The great flood of 2010 seems to have been washed out of our collective memory. It is scarcely mentioned today in our conversations and not at all in a media where every news seems to be ‘breaking news’ except the news that really matters to the lives to real people. This is sad. In fact, it is shameful.
I realized that I too stand guilty to this charge. I did so as I read the news item that the World Food Programme (WFP) is facing a shortfall of $548million in a expected donations and is therefore being forced to end its free food program for flood affectees. Realizing that the waters may have receded, but the misery they brought has not, we at ATP will immediately be making additional contributions to Pakistan flood relief. We hope our readers will too. Here, again, is a list of causes that are (at least were) collecting and distributing resources for this cause:
Here is the full text of the news item regarding the WFP, from The Express Tribune (February 19, 2011):
ISLAMABAD: Facing a shortfall of $548 million in expected donations, the World Food Program (WFP) has suspended its emergency food distribution in areas of Pakistan worst affected by the floods of 2010. The WFP’s already meagre resources were not able to cope with the additional burden of catering to the needs of flood victims in the country. While the organisation launched a Protracted Relief and Recovery Operation (PRRO) to deal with many of the internally displaced people’s nutritional needs, it was able to raise only 12 per cent of the $622.7 million it needs to finance the operation.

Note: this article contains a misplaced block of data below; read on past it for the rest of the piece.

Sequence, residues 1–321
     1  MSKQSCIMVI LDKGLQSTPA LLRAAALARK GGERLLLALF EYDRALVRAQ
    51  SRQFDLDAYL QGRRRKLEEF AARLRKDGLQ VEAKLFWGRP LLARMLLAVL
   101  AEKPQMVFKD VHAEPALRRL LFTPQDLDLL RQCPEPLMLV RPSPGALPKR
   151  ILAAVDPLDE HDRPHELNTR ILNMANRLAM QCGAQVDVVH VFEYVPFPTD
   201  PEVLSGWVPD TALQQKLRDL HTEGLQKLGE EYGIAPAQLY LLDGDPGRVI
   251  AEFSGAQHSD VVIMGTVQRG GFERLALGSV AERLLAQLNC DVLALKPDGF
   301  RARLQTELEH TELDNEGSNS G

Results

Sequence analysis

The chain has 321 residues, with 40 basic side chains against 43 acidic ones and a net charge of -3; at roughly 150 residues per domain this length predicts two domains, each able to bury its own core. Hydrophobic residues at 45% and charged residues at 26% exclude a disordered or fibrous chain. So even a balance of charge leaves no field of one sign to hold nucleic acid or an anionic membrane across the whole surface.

The agency claims that unless it receives more donations soon, it will be unable to provide life-saving assistance to the many thousands of people that depend on the WFP for their sustenance. The WFP faces an additional burden of being unable to buy food commodities from international markets as countries limit their exports this year after a sharp increase in global food prices.
In order to cope with the difficulty in procurement, the program has launched an alternative to its food distribution scheme. As floodwaters recede and local agricultural commodity markets return to normalcy, the WFP will be handing out cash to flood victims to buy their own food. The organisation already conducted a successful pilot project in Buner in 2010.
The WFP will be handing out the equivalent of the value of its food packages – which comes to Rs5,000 – to flood victims in Nowshera and Charsadda in Khyber Pakhtunkhwa. The money will be handed out in the form of cards which can be used at branches of United Bank.
Much of the country has begun to recover from the flooding, leaving the WFP to end its relief efforts in most areas after February. However, parts of Sindh remain submerged and over 600,000 people in Balochistan have still not been able to return to their homes. The people in these areas, coupled with refugees from the conflict in the Mohmand tribal agency, will continue to receive assistance for the next two months.